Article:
Cancer clinical research scholars move discoveries from lab to patients

Five oncologists at Oregon Health & Science University in Portland will receive a $25,000 salary supplement for one year, allowing them to reserve time to pursue promising research ideas.


Uma Borate, M.D., M.S.

Michael Heinrich, M.D., professor in the division of hematology and medical oncology at the OHSU Knight Cancer Institute; physician at the Portland Veterans Affairs Medical Center, November 1, 2017. (OHSU/Kristyna Wentz-Graff)

Michael Heinrich, M.D.

Taylor_Matthew_10 (1)

Matthew Taylor, M.D.

Vaccaro, Gina

Gina Vaccaro, M.D.

Vuky, Jacqueline

Jacqueline Vuky, M.D.

The Knight Cancer Institute’s Clinical Research Scholar Awards aim to help physician-scientists advance discoveries with the greatest potential to improve cancer therapy, early diagnosis or prevention.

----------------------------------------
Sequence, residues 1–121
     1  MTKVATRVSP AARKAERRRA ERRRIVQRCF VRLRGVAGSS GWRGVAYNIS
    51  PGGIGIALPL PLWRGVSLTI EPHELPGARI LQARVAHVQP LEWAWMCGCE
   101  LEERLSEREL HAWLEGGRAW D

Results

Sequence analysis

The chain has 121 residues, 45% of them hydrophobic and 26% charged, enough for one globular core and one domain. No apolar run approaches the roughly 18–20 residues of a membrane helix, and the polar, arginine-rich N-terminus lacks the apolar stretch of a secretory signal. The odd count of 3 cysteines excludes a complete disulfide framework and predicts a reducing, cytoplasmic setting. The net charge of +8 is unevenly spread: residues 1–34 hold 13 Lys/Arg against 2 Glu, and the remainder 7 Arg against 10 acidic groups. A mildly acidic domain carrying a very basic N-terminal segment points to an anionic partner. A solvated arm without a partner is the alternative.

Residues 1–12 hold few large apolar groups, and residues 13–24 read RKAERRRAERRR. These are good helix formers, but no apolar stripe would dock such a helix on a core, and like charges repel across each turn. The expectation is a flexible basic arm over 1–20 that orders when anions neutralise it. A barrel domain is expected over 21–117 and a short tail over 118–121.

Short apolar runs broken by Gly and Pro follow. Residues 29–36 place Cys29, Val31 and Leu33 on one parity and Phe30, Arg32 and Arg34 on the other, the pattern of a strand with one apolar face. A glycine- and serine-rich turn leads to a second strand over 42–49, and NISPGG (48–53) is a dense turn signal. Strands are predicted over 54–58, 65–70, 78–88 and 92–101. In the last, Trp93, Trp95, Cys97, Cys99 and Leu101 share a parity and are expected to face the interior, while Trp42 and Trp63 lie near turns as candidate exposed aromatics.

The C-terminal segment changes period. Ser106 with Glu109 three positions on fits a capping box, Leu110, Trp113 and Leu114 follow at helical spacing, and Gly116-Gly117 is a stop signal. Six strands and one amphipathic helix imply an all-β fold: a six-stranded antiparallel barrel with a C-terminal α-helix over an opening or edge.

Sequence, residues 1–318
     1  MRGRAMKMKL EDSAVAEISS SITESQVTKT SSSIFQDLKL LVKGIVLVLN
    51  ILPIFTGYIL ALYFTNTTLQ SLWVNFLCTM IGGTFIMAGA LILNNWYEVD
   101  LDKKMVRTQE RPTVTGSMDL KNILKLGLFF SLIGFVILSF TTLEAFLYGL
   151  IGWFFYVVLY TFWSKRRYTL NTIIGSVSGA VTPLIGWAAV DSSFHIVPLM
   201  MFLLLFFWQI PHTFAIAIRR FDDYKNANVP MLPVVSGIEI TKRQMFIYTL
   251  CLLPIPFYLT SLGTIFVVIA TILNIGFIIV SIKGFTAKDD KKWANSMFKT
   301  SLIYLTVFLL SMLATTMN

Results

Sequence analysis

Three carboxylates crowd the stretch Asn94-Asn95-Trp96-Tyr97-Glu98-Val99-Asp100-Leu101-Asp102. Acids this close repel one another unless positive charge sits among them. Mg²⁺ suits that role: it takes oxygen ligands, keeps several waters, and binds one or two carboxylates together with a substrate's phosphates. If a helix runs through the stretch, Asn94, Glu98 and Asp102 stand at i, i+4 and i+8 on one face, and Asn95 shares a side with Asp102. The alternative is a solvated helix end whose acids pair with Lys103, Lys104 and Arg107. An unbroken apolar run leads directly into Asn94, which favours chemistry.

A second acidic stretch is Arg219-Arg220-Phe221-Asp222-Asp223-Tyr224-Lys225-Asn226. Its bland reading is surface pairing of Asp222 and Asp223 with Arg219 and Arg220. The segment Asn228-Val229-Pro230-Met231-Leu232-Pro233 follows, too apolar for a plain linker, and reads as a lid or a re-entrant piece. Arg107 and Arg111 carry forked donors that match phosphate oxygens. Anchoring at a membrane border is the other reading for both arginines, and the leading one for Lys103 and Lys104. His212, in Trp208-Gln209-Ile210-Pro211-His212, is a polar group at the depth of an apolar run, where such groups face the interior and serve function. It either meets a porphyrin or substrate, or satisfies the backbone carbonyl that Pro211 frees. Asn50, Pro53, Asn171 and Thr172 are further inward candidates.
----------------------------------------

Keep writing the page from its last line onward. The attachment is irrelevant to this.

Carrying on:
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What magnitude of benefit is meaningful to cancer patients?

Oncologists often use the phrase “clinically meaningful benefit” to describe the effect of an experimental treatment. But is the benefit meaningful for patients? A new paper suggests that benefit claims in journal articles often fall short.


benefit figure

Gains in median overall survival, in months, deemed “clinically meaningful” (Dreicer et al.)

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Cancer translated’s top blog posts of 2017